T4216C mtDNA variation was seen to be a predisposing marker for MS in a study by Mihailova et al. [55] . The authors analyzed 58 unrelated Bulgarian subjects with relapsing–remitting MS and 104 healthy controls for secondary LHON mutations (np 4216, 14798, and 13708) and 14 main mtDNA variations showing European haplogroups. The common haplogroup-associated variations were assessed by RFLP and a significant difference was seen in T4216C base change between the MS subjects and the controls. It was also demonstrated that 21 out of the 58 subjects (36.2%) carried the T4216C variation, notwithstanding 11.3% in the controls (P = 0.01; OR = 4.38). No association was seen between G13708A, T14798C variations and MS. G13708A was seen in 4 controls and 3 cases. T14798C variations was found to be less in MS subjects (10%) than in the controls (6.9%) [55] . Penissen-Besnier et al. [64] studied mtDNA T4216C and A4917G variations in 75 unrelated Caucasian subjects with the relapsing–remitting or primary progressive MS, and 75 age-, gender- and ethnic origin-matched controls by using RFLP and sequencing and the proportion of people having these secondary LHON mutations was equal (27%) in the two groups [64] . In a German study, Mayr-Wohlfart et al. [58] studied mtDNA in 100 MS subjects with failures in visual evoked potential (VEP) and 100 controls by RFLP and sequencing and found that mtDNA T4216C variation frequency in MS subjects (18%) was higher than in the controls (11%); even so, there was a high frequency of the A4917T variation in MS cases (11%), compared to controls (4%) [58] . Elsewhere, an American study demonstrated certain sets of mtDNA variations with association with MS [65] . The authors assessed 8 variations in MS by RFLP and sequencing and found that class I LHON mutations with primary pathogenic significance for blindness were not present in the MS subjects. Class II LHON mutations with unknown pathogenic significance were also demonstrated to be more in the MS subjects than in the controls, particularly at np 4216 and its associated simultaneous mutations [65] . Eleven out of the 53 cases, constituting 20.8% of the subjects, carried at least two (4216 and 4917 or 13,708) or three (4216, 13,708, 15,257) simultaneous class II LHON mutations; albeit 7 out of the 74 controls, constituting 9.5% of the controls, carried simultaneous mutations (P = 0.036) [65] . Furthermore, the mutations were not found to be correlated with the severity of visual loss in either LHON or MS; however, such mutations were as a consequence of random selection in the MS subjects [65] . Another American study analyzed mtDNA variations within patients with Devic's neuromyelitis optica (NMO) disease and MS in three spinal cord specimens and found that NMO lacked pathogenic mtDNA point mutations [56] . Nonetheless, mtDNAT4216C and T14798C variations was found in the one of the patients, notwithstanding mtDNA T4216C in the other one [56] .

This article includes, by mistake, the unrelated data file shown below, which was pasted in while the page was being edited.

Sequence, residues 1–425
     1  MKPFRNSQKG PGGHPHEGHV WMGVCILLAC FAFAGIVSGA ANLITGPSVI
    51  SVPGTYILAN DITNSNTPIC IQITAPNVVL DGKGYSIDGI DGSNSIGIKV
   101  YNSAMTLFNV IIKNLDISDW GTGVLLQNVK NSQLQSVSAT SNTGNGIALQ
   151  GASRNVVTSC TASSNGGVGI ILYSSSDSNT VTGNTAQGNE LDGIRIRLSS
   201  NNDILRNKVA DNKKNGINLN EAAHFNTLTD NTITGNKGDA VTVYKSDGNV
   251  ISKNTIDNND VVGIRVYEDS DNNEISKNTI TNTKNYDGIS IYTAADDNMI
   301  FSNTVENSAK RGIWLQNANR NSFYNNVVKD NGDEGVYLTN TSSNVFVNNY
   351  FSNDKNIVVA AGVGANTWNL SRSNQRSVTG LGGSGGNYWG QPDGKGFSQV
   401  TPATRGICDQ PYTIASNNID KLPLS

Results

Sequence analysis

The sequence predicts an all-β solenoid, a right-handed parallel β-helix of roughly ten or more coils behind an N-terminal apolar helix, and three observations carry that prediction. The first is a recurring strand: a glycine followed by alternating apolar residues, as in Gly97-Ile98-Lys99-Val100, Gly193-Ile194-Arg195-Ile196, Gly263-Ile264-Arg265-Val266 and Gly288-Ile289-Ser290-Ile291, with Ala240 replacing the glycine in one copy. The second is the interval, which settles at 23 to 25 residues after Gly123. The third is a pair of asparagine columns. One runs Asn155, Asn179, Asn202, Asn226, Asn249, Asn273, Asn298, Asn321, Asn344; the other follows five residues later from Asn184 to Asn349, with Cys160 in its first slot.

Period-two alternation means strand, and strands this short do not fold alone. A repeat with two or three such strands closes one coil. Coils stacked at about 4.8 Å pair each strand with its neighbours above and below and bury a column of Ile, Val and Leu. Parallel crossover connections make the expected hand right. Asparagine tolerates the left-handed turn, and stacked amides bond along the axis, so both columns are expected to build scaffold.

In conclusion, the present study suggests lack of association of the mtDNA T4216C variation in mitochondrial ND1 gene and mtDNA A4917T in mitochondrial ND2 gene with MS. Altogether, inasmuch as the degree of involvement of such mtDNA changes in pathogenesis of MS is a less divulged topic, these results need to be cautiously interpreted and more local investigations in different populations would be of value.

Conflict of Interest



We thank all the staffs involved in this study.


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a Neurosciences Research Center, Imam Reza Hospital, Tabriz University of Medical Sciences, Tabriz, Iran

b Division of Regenerative Medicine, School of Medicine, Faculty of Medical and Human Sciences, the University of Manchester, UK & Department of Medical Genetics, Faculty of Medicine, Tabriz University of Medical Sciences, Tabriz, Iran

c Department of Public Health Sciences, Karolinska Institute, Stockholm, Sweden & Trauma Epidemiology and Road Traffic Injury Research Center, Tabriz University of Medical Sciences, Tabriz, Iran

d Department of Neuroscience and Pharmacology, University of Copenhagen, Denmark

Corresponding author. Tel./fax: + 98 4133340730.

⁎⁎ Corresponding author. Tel./fax: + 98 4133370684.

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  • Prof Timothy Vartanian

    Timothy Vartanian, Professor at the Brain and Mind Research Institute and the Department of Neurology, Weill Cornell Medical College, Cornell...
  • Dr Claire S. Riley

    Claire S. Riley, MD is an assistant attending neurologist and assistant professor of neurology in the Neurological Institute, Columbia University,...
  • Dr Rebecca Farber

    Rebecca Farber, MD is an attending neurologist and assistant professor of neurology at the Neurological Institute, Columbia University, in New...